"I am the Phantom of the Opera. Am I not unbelievably hideous? But even while this ill-omened monster is being consumed by the inferno of hell, I still long for heaven!"
"The Case Files of Young Kindaichi: The Opera House Murder Case"
Happy birthday, Kindaichi Hajime! It's been 20 years since our young high school detective Hajime and love interest Miyuki first made their debut in the story Operazakan Satsujin Jiken ("The Opera House Murder Case") in 1992, but the duo is still going strong, with a new case waiting for them in March (The Man-Eating Laboratory Murder Case). I do hope they'll celebrate his anniversary with more events later this year! What about a new videogame (a good one please this time)? Or a new TV drama based on the second season stories?
It does seem that few people realize that the Kindaichi Shounen no Jikenbo series is pretty much what shaped the whole detective manga genre. Kindaichi Shounen was almost epoch-making as a manga inspired by orthodox detective fiction and series like Detective Conan and Q.E.D. are very much indebted to their grandfather. Kindaichi Shounen popularized the fair-play mystery comic genre and introduced little touches too, like catchphrases that serve as challenges to the reader (the infamous nazo wa subete toketa / all the mysteries have been solved). It also spawned a gigantic media mix franchise: an anime (including movies), several widely popular live action series and movies, audio dramas, a novel series, videogames and probably more stuff I can't think of right now.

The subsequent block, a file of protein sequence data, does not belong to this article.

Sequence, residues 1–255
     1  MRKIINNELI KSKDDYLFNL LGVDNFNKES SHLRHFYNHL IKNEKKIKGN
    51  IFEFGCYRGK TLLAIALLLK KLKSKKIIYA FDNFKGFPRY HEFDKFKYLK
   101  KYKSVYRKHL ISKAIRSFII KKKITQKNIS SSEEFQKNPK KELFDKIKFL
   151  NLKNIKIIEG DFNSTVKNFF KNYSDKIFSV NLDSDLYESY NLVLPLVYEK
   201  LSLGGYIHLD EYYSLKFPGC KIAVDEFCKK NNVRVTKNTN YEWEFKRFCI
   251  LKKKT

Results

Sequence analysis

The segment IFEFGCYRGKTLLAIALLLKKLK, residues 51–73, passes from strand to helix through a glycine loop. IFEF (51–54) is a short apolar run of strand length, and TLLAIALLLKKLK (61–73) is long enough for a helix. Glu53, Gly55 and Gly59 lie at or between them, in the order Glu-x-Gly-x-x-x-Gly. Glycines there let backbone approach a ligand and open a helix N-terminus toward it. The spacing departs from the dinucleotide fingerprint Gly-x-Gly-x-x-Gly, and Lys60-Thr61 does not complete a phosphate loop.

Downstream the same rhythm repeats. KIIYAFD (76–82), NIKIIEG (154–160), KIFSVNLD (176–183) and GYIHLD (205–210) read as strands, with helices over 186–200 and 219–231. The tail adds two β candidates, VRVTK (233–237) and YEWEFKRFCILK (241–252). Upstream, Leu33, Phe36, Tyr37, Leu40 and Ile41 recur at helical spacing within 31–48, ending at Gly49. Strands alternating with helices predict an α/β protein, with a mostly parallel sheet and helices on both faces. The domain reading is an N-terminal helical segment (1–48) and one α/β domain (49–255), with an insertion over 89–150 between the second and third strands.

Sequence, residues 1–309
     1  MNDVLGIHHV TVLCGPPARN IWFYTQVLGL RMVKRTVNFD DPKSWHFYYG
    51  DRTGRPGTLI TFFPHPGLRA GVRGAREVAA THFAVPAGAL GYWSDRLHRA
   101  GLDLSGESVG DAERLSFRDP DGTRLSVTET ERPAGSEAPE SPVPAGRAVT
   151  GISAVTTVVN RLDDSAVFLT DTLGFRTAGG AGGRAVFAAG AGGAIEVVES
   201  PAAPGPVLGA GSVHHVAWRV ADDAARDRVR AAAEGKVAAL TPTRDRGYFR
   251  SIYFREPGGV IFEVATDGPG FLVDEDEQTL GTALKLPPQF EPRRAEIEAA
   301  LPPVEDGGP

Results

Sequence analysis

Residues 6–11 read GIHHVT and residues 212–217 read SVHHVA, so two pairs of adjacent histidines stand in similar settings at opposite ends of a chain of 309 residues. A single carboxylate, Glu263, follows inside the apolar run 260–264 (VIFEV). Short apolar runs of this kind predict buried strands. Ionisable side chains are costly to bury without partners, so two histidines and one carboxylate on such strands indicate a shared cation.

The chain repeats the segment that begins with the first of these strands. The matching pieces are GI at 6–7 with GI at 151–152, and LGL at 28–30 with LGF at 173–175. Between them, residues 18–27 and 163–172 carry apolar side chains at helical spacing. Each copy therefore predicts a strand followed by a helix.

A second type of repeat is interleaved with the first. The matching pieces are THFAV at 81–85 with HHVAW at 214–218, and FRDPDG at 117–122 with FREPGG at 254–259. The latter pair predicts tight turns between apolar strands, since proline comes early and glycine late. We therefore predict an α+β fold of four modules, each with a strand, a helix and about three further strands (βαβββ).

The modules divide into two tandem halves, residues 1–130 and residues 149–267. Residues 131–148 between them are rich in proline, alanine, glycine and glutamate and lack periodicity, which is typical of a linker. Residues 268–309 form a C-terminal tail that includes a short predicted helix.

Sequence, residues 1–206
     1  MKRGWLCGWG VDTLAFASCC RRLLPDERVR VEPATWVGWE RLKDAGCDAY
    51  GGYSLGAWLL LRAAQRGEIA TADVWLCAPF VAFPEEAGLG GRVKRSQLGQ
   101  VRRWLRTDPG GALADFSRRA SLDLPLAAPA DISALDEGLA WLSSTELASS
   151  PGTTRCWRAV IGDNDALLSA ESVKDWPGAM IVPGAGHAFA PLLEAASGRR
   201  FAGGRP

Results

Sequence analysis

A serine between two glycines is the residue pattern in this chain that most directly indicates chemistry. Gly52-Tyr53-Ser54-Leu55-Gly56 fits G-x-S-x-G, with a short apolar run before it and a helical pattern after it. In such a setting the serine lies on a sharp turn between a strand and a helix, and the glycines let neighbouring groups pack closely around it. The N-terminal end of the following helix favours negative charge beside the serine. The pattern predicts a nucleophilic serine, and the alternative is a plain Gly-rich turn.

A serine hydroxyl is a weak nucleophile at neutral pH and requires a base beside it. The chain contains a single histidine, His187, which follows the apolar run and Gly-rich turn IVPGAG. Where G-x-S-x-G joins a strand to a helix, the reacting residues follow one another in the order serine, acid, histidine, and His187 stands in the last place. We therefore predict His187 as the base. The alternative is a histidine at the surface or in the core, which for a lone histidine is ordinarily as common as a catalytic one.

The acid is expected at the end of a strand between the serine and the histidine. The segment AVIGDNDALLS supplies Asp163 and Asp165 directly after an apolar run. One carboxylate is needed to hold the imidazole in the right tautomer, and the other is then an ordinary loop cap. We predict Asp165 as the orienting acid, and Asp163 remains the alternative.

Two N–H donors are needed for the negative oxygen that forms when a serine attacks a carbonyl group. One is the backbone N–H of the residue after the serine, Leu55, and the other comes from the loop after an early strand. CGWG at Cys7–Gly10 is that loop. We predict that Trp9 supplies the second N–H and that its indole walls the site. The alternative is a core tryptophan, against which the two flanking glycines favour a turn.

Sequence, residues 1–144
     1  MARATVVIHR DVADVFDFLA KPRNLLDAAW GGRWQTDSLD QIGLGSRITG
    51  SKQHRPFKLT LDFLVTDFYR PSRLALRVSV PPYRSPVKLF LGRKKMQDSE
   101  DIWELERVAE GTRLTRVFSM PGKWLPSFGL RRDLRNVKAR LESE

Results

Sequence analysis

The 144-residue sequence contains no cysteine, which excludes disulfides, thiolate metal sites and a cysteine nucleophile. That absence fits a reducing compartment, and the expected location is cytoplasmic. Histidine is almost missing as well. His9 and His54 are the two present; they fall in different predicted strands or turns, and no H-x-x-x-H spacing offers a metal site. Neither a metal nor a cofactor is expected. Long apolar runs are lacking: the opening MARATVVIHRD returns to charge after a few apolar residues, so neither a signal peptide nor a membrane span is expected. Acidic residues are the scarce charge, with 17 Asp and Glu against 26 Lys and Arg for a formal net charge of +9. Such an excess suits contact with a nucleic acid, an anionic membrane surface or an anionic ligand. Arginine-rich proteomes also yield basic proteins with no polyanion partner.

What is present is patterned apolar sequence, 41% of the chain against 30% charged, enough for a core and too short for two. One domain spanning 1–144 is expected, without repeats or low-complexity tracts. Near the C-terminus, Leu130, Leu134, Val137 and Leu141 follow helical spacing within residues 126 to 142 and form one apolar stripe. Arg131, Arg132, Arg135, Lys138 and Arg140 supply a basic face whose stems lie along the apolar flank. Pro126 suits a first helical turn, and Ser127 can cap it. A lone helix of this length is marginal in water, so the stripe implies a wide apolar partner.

And so, to commemorate Kindaichi Shounen's twentieth anniversary, a review of a special set of stories from the Kindaichi Shounen canon. And we begin with the very first Kindaichi Shounen story, Operazakan Satsujin Jiken ("The Opera House Murder Case"). Kindaichi Hajime and childhood friend/love interest Nanase Miyuki, together with members of the theater club of their high school and their supervising teacher, travel to the Opera House Hotel at Utashima island to rehearse their play of Gaston Leroux' The Phantom of the Opera. It does not take long for Kindaichi, who is not actually a member of the club, to notice that there is some underlying tension between his companions, all tied to the suicide of an ex-member of the club. The whole thing explodes however when a murder is commited by dropping down a stage light on top of one of the actresses. More murders happen, including one under impossible circumstances and they seem to have been commited by someone dressed like the play's Phantom. But little did the murderer know that Kindaichi Hajime is the grandson of the famous masterdetective Kindaichi Kousuke...
The Yokomizo Seishi estate later objected to the use of Kindaichi Kousuke's name actually, so in later volumes Hajime usually just refers to 'his grandpa'. But it was indeed fitting for Hajime to be the grandson of Kindaichi Kousuke, and not only because they both represent the first in a wave of orthodox detective fiction. Kousuke's most famous cases, like Akuma no Temariuta, Inugamike no Ichizoku, Gokumontou are all essentialy mitate-satsujin (a 'resembling' murder), an off-spring to the nursery rhyme murder. These are murders to are made to symbolize something else. Nursery rhymes are an example, but mitate-satsujin are usually more diverse as it has none of the 'storybook' annotations the nursery rhyme murder has. In this first case of Hajime, he also encounters mitate-satsujin, with the actual murders resembling the murders of the play, both commited by the Phantom. And yes, there are no (few?) actual murders in the original Phantom of the Opera, but it is later explained that the school club is performing a stage adaptation that features a lot of murders.